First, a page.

Wednesday, November 26, 2014

Sharing a Dram – John Quinn & Tullamore D.E.W

Tullamore D.E.W & John Quinn
Ireland is a country where its people are know for their love of whisk(e)y. Yet its has always amazed me that you could count the number of the countries distilleries on one hand. Add one more to that handful. On the 27th June 2014, I had the opportunity to interview John Quinn Global, Brand Ambassador for Tullamore D.E.W. At the time we spoke word was the brand was to have its own new distillery due to open in the coming months. That is BIG news in the Irish distilling front yet we have heard nearly no chatter about it locally. Many things will come of this equaling assumed changes in flavour profile (in time as production fully shifts from the current location, New Midleton Distillery), more new unique or experimental expressions, and a significant ramp up in production to name but a few. A curious fact many may not realise is that the site of most of Tullamore D.E.W’s current production, the New Midleton Distillery, is owed by Pernod Ricard, while the brand Tullamore D.E.W is owed by William Grant & Son’s.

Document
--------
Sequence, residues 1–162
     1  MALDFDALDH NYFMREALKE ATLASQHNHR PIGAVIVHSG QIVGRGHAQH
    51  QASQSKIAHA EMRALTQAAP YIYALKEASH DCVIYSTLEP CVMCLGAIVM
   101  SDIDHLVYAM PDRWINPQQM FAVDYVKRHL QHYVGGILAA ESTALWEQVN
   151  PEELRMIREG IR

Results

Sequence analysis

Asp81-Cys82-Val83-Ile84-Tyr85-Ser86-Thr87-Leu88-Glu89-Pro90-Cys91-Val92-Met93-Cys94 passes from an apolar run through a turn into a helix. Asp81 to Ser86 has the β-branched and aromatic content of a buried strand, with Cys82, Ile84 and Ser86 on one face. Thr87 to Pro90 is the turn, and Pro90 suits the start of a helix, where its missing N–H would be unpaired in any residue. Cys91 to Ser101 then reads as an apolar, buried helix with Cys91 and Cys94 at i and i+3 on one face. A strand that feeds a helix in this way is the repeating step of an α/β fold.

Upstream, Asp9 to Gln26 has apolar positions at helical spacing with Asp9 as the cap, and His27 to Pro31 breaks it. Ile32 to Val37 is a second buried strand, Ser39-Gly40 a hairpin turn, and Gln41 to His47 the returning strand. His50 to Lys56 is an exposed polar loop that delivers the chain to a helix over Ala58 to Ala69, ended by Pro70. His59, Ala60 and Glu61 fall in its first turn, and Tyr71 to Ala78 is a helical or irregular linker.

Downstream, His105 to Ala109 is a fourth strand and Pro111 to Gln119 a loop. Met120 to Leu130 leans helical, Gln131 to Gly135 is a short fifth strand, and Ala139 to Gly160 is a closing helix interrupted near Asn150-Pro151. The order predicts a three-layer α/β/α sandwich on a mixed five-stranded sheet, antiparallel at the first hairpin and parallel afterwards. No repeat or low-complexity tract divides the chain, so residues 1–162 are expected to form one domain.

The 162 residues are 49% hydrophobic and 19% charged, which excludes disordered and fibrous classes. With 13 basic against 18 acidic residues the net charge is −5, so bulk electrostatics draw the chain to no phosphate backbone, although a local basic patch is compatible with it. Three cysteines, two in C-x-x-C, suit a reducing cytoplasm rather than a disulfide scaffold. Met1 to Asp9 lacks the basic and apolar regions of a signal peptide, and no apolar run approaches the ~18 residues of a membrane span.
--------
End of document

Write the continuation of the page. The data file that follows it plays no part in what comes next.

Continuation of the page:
An overloaded table of whisky and the nostalgia of the location.
What is exciting about recognising Tullamore D.E.W’s new distillery is what else is going on with the Irish whisk(e)y scene. In this ever expanding whisk(e)y bubble the positive side is that it is allowing distillery after new distillery to either reopen, be reinvented, or appear out of seamless thin air. Not a week goes past when we are no hearing of a new distillery somewhere in the world opening. It is a good thing. But what also comes of it is styles and brands somewhat veiled by their own historical presence on store shelves starting to change things up a little. The true players that have been in it for the long haul start to creep back into our interests expression by expression. Irish whisk(e)y used to be big. Real big. Bigger than scotch before the United states era of Prohibition and it would seem it is making a come back again now. OK so you should know this already. Yet, for all these Irish brands arriving on Australian shelves, many do not realise they are all coming from 1 of 4 distilleries and have a long history of production. Note that several Irish distilleries are on the rise but many have yet to be able to significantly age their spirt to be called whisk(e)y. Exciting times to come.